Virtual Voices

The parenting candidate

Campaign 2010

As Election Day approaches, candidates are bringing out their children. The grown daughter of Connecticut Senate candidate and ex-wrestling executive Linda McMahon recounts how her mother has inspired her. Candidates in Florida, Colorado, Pennsylvania, and Ohio have similarly aligned themselves with their children, and the children with them.

It's good politics in the final days of a campaign, the experts say, because it ends things on a positive note. In other words, children are considered a positive in the evaluation of political candidates.

Except where they're not, as some politicians allege in the Oklahoma gubernatorial race. In a recent debate, candidate Mary Fallin had this to say:

"I think my experience is one of the things that sets me apart as a candidate for governor. First of all, being a mother, having children, raising a family."

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Some consider this a cheap shot, because Fallin's opponent, Jari Askins, has never been married and is childless. New York Times Motherlode blogger Lisa Belkin wisely offers the flip side as well, in the form of California gubernatorial candidate Meg Whitman's grown sons, who appear to be unsavory sorts, such that she doesn't mention them in her campaigning. "Is managing-or mismanaging-a family," Belkin asked, "relevant to running a state?"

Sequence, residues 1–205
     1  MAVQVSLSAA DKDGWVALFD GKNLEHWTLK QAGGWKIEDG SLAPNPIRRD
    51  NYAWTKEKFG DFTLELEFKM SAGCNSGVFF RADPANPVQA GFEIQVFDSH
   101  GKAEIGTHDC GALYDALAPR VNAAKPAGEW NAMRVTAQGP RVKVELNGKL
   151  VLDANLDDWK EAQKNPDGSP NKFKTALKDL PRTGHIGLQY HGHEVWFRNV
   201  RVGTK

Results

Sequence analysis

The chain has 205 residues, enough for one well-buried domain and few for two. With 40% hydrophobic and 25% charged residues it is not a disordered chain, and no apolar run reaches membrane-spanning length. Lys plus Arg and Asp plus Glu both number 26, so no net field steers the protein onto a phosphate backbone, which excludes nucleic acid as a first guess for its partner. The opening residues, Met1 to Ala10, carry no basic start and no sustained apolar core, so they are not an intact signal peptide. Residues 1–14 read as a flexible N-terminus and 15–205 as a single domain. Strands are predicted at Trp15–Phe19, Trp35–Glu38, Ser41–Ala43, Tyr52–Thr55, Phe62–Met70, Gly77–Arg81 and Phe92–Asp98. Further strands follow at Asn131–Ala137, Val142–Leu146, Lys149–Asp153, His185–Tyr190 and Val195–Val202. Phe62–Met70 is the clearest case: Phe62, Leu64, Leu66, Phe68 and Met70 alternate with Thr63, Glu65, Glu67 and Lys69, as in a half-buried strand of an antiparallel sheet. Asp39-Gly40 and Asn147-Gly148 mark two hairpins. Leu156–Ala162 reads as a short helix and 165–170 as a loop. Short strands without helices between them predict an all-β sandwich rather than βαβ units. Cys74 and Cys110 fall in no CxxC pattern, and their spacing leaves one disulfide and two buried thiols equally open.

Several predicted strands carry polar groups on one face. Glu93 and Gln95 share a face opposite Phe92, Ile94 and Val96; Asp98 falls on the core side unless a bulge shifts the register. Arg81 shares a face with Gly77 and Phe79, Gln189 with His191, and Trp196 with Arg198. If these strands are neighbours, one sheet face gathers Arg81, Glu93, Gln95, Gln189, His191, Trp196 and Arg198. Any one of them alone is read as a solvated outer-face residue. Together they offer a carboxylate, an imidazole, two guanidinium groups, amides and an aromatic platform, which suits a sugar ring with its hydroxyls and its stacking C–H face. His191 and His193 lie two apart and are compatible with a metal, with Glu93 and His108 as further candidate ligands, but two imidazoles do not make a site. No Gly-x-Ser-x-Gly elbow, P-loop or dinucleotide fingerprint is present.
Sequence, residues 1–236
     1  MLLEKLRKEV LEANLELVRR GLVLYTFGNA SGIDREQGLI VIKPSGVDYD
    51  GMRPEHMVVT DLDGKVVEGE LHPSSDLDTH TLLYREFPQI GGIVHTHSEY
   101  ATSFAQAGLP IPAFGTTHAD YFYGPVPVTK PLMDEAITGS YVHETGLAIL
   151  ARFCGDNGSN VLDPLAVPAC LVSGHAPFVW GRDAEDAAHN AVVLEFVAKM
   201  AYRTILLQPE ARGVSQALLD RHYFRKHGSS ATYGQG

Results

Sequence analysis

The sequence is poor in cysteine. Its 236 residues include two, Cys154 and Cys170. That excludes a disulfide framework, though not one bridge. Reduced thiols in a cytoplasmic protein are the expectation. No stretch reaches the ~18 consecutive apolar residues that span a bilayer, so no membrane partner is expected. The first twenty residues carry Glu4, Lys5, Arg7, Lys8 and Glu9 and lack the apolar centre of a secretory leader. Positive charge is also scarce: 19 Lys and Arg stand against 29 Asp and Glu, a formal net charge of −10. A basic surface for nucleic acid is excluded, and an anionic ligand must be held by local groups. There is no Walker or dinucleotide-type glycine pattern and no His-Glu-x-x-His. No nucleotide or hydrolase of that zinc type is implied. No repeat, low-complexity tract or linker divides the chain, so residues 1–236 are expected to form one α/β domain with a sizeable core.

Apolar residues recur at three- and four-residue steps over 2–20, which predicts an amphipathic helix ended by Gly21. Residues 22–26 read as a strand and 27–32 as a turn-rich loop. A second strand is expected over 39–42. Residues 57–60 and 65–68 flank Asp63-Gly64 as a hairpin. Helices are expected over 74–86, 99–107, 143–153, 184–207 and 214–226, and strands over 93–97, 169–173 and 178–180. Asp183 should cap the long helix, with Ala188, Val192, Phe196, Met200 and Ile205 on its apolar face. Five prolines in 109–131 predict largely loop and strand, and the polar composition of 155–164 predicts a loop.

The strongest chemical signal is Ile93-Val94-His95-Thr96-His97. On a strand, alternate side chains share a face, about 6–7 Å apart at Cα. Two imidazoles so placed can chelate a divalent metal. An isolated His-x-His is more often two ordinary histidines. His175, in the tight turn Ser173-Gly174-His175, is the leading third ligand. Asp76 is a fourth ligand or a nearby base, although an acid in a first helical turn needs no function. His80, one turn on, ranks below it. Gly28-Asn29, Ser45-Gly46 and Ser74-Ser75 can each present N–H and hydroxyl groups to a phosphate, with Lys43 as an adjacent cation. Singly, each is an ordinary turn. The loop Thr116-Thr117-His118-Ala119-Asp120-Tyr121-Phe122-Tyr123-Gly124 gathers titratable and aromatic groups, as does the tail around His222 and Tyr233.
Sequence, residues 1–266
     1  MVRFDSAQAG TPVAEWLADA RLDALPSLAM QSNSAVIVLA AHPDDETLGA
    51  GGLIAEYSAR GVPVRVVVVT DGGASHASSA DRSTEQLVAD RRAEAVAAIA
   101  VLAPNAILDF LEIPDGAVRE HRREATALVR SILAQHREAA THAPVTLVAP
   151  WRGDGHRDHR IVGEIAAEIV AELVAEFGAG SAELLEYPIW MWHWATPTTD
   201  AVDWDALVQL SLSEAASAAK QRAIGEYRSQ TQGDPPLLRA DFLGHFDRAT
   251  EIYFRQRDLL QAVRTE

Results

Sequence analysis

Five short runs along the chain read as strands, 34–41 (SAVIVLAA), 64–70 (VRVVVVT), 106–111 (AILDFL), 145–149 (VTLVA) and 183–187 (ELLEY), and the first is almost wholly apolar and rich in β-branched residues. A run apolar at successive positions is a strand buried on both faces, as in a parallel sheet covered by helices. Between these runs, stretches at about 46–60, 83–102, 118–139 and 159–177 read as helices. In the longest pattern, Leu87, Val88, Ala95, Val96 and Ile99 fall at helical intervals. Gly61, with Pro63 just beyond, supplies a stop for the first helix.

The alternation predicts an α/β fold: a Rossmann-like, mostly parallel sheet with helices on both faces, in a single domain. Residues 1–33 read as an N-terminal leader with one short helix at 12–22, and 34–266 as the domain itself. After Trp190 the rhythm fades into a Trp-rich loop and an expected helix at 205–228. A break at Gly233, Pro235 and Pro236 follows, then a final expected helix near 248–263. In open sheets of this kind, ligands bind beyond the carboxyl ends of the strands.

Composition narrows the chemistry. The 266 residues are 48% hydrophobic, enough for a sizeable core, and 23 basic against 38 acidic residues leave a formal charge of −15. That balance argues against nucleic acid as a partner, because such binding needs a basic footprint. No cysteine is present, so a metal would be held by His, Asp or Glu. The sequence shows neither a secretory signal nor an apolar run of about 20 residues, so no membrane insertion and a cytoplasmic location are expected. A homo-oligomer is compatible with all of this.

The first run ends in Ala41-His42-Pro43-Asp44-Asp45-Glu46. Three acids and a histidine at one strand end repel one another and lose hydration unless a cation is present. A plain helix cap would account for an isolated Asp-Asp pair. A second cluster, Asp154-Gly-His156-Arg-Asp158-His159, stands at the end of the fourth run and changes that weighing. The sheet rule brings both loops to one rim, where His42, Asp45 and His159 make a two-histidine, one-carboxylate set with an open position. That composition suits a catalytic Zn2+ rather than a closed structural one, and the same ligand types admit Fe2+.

It's a great question, and one I've touched on here in the past. On the one hand, I can sympathize with those who believe you've got to bring more to the table, if you want to lead people in a political capacity, than a track record of competent parenting. I'm skeptical of a candidate who imagines, as Mary Fallin seems to suggest, that her chief qualification for governor is her status as a parent. After all, I know plenty of wonderful mothers and fathers who haven't the grounding in economics and policy analysis or the skills as public speakers and consensus builders to be effective officeholders. At least not by my standards.

On the other hand, if someone has raised a brood of vipers, then I'm inclined to question his character. After all, I see my sins reflected in the sins of my children. If they grow up morally ungrounded and lacking self-control, that says a lot about my own moral centering and spiritual fortitude. So on the question of how one's children have turned out, I consider "quite well" to be a necessary but not sufficient condition for my vote.

But then we have those politicians who have no children at all. I know saintly people who are childless and unmarried, so I wouldn't consider that an automatic negative. But they have purposefully walked a path of deep spiritual discipline and self-sacrifice-for a cause, or people in need, or perhaps in the prayer cell.

I confess I'm far more skeptical of people who choose a life of singleness and/or childlessness but who don't replace these sanctifying callings with something that requires a profound other-orientation. A good parent and spouse learns to die to himself daily. So does a godly ascetic, and a mission worker. But someone who is none of these runs a great risk, it seems to me, of being shallower than I would like a leader to be.

Perhaps I'm being a Pollyanna to expect politicians not to be shallow, but a man can dream, can't he?

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